Depicting Prophet Muhammad In Images: Religion vs Freedom of Speech
Getting to the bottom of the big worldwide debate over the prophet’s depiction.
French President Emmanuel Macron stirred up a new row by saying that he won’t condemn cartoons of Prophet Muhammad. He was speaking on the back of French satirical magazine Charlie Hebdo’s re-publishing of its controversial cartoons on the eve of a trial in Paris of alleged accomplices in a 2015 attack on the magazine’s offices. Operated by Islamist terrorists, the attack had led to 12 deaths. At the bottom of this debate seems to be one particular description of the prophet: “A messenger for the word of Allah, not to be revered himself as a deity.”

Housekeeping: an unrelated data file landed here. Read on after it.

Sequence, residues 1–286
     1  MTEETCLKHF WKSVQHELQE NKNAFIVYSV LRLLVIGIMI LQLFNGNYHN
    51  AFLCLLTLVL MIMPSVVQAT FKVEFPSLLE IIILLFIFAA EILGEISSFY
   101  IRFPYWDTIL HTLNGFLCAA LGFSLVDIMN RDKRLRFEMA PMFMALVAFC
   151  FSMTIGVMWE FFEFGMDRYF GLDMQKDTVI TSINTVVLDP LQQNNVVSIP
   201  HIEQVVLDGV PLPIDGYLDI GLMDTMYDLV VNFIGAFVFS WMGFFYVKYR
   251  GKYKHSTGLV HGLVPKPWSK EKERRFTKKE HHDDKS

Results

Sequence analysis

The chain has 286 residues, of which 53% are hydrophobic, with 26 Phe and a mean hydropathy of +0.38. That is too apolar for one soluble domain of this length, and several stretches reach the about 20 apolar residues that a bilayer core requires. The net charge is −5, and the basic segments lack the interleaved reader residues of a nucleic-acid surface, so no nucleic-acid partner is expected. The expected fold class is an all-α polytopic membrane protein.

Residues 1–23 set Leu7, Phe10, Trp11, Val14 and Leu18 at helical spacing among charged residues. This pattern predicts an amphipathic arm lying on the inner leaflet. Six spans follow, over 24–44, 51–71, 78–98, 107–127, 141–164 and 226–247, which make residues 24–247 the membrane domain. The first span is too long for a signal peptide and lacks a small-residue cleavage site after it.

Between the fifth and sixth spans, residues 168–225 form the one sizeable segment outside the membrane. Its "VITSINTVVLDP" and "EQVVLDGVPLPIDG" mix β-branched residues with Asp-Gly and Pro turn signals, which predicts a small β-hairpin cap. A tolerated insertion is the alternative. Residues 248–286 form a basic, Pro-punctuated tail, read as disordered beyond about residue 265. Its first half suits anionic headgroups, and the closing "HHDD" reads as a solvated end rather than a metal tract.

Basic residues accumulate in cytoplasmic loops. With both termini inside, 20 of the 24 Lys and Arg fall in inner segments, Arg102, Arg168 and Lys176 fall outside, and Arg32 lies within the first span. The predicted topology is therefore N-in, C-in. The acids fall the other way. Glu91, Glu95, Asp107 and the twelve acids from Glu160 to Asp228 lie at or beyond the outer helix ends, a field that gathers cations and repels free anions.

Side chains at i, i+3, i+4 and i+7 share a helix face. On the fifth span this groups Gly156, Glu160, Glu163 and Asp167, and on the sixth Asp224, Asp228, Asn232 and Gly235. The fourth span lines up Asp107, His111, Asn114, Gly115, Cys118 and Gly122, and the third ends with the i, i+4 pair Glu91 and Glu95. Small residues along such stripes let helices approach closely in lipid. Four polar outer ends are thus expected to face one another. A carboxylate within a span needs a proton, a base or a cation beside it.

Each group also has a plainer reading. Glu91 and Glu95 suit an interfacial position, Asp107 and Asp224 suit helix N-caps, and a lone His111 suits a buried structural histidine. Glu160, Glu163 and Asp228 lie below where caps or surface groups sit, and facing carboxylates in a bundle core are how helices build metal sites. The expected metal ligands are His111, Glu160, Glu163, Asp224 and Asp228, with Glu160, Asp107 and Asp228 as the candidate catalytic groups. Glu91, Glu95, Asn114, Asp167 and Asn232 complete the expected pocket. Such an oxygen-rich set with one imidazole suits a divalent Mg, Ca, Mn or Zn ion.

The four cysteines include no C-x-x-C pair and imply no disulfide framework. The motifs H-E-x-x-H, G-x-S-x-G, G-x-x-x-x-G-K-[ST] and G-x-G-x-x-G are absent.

Islamist scholars interpret this particular teaching as a complete prohibition on any portrayal of Prophet Muhammad. Although non-Muslims might find it weird, it is one of the central tenets of Islam. Many European publications, prime among them being Charlie Hebdo, have tested these rules of Islam. Muslims from across the world have protested against their covers. But for journalists at the magazine, the offence is the point. They believe that submitting to the demands of the Muslim community will damage French secularism, which is a major part of the country’s culture.
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